The rehabilitation of Hamilton's reputation around these parts is pretty remarkable.


April 23rd, 2018 at 12:27 PM ^

I don't know what went on, but OL was Drevno's job and the OL is a mess, so he had to go just for that.

Pep gets a mulligan for last year because we had problems everywhere on offense, which wreaked havoc on the playbook.  He was working with a bad OL, bad receivers and bad QBs.  The one thing Pep was officially responsible for -- QB play -- Harbaugh fessed up to running too much against Brown's man coverage.  I don't know if Pep's any good, but if last year was a crime, he's still around because he had an alibi.

Well, Harbaugh resolved to fix his mistakes, literally fired his friend to upgrade OL coaching, hired a shark-humper to coach the WRs, and brought in a 5-star QB.  We still don't have any promising tackles but Pep had better do more with this year's parts because no coach can ask more from an HC than what Harbaugh did this offseason.

Blue in PA

April 23rd, 2018 at 10:18 AM ^

not much meat on the bone here...... 

In a nutshell:

everyone is getting equal reps

every one is doing good, very good

Jim is in charge, we all give input and he has final say



April 23rd, 2018 at 10:19 AM ^

I'll go out on a (minor) limb and say he is by far the worst presser at Michigan. Guy just doesn't want to answer questions, which is fine. As long as we have good QB play I don't care if he chooses to remain quiet.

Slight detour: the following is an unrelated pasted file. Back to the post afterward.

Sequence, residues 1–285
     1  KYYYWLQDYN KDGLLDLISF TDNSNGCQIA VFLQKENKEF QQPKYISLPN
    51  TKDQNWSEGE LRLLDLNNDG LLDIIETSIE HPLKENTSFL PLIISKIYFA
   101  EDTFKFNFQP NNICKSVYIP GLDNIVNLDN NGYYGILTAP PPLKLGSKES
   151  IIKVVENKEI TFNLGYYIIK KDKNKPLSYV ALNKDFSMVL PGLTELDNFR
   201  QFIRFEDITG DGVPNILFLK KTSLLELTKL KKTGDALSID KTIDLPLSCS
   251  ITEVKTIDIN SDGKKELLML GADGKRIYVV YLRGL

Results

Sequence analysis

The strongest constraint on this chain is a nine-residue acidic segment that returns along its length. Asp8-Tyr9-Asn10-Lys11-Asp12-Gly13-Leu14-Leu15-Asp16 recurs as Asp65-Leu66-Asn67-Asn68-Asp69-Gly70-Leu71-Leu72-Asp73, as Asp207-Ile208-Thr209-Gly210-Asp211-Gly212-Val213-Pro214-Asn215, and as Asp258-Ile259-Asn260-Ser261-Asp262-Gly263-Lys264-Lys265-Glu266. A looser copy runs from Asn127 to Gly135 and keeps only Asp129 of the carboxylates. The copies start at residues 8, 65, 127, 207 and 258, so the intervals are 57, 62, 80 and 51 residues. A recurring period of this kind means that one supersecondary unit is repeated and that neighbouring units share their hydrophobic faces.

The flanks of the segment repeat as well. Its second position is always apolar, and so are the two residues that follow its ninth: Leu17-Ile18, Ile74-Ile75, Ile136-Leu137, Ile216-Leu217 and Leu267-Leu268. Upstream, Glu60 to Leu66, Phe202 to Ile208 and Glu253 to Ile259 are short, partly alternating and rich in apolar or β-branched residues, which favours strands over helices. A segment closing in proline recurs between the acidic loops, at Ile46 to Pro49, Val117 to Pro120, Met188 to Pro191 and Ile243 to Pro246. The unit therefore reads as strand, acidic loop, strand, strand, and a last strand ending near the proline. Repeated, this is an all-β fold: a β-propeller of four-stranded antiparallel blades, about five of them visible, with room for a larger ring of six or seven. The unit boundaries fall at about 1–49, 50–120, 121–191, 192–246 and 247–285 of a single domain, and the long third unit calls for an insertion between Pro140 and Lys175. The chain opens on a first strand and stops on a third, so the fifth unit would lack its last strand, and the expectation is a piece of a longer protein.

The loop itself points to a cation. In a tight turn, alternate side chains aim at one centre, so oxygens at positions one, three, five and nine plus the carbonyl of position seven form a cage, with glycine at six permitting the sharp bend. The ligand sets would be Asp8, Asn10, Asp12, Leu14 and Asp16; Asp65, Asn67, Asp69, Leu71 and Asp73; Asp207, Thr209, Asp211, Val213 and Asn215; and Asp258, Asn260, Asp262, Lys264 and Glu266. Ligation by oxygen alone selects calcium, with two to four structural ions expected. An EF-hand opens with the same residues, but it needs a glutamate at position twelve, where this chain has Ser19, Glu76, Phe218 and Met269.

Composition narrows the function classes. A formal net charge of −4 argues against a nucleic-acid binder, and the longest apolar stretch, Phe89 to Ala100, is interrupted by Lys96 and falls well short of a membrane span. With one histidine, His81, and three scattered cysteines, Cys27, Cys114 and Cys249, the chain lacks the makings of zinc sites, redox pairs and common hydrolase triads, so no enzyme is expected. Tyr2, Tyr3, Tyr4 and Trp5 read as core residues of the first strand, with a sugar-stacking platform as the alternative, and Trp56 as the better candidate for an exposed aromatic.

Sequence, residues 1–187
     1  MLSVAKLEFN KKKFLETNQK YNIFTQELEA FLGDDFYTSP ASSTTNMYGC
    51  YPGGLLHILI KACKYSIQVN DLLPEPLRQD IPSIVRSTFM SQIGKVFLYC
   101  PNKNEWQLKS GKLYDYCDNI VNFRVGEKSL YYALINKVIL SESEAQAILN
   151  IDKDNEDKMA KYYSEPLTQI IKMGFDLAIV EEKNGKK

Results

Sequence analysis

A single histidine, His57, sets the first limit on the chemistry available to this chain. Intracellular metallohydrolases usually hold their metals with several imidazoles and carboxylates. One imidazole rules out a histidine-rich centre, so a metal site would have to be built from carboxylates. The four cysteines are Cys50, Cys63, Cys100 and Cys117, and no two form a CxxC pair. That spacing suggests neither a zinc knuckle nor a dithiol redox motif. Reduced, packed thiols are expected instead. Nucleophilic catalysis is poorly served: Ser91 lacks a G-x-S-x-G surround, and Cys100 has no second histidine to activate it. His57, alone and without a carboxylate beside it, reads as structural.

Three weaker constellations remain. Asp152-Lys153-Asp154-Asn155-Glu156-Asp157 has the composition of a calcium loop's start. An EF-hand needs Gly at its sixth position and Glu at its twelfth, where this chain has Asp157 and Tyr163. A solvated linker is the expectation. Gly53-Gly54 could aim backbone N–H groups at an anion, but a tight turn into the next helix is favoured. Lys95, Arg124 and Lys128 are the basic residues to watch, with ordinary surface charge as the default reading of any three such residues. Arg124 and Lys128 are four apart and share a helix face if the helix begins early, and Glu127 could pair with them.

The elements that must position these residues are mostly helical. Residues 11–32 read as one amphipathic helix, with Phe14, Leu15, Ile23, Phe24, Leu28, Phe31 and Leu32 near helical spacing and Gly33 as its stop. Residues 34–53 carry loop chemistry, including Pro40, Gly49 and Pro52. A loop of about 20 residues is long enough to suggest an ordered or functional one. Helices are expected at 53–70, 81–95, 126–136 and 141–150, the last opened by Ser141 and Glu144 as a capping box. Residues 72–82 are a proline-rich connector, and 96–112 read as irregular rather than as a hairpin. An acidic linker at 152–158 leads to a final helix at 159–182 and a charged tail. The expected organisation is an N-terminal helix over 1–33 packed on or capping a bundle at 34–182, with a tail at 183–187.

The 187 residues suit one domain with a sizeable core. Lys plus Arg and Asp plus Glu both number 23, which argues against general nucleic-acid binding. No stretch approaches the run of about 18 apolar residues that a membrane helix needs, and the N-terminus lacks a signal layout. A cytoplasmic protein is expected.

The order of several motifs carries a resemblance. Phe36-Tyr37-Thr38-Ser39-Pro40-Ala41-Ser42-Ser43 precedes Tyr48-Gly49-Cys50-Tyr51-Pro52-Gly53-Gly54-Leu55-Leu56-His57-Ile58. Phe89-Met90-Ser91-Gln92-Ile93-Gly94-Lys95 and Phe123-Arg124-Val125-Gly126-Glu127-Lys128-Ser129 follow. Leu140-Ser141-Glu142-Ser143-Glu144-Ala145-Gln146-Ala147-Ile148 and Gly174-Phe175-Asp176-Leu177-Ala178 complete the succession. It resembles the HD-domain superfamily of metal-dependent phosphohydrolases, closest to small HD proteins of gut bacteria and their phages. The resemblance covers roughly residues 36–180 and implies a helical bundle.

April 23rd, 2018 at 10:33 AM ^

Possibly now that Drevno is gone..but for both of those guys it is/was a much tougher spot than he guys on the other side of the ball. They are working directly under JH and they are not going to take chances of saying something that might be out of line with his thinking. So, I wouldn't expect him or anyone on the O side  to say much.


April 23rd, 2018 at 11:44 AM ^

Offensive coaches generally hold their cards close.  Pep ain't the exception, and good, because the exception gets the ship torpedoed.

I prefer Tyrone Wheatley's grumpy pressers, of all things, because he was blunt about what he wasn't going to reveal.  Probably not as fun for Gasbag Sports but I couldn't care less about the sensibilities of a "reporter" wasting everyone's time quote-fishing for a pre-written article.  Feel more for MGoQuestions because those would hit Wheatley like a wall of carved bedrock, but again, not like we get many in-depth answers from offensive coaches anyway.

Wolverine In Iowa 68

April 23rd, 2018 at 12:56 PM ^

what does he have to say?

They had a rough year last year....and I'm being kind when I say rough.  The offense was basically a moving train wreck all season long.  It's not like he's Don Brown with the ability to salivate over what he had and what he has coming back.

I'm willing to give him a pass until things get going.  I'd prefer he focus on working with the players to help them improve.  If we don't see results, then he's going to be in for a world of hurt, until then, meh.


April 23rd, 2018 at 2:09 PM ^

there is really much more specific answers he can give. We have three very good QB's that are all making plays and doing a good job. No one has seperated themselves, which is fine, as we have a long ways to go until September.

Competition is still playing out and until someone becomes #1 let them compete. A lot can happen this summer with all three and the work they put in with WR's and getting better.


April 23rd, 2018 at 10:34 AM ^

With the struggles in the passing game last year, have you drastically changed things would you say or just some tweaks that needed to be made?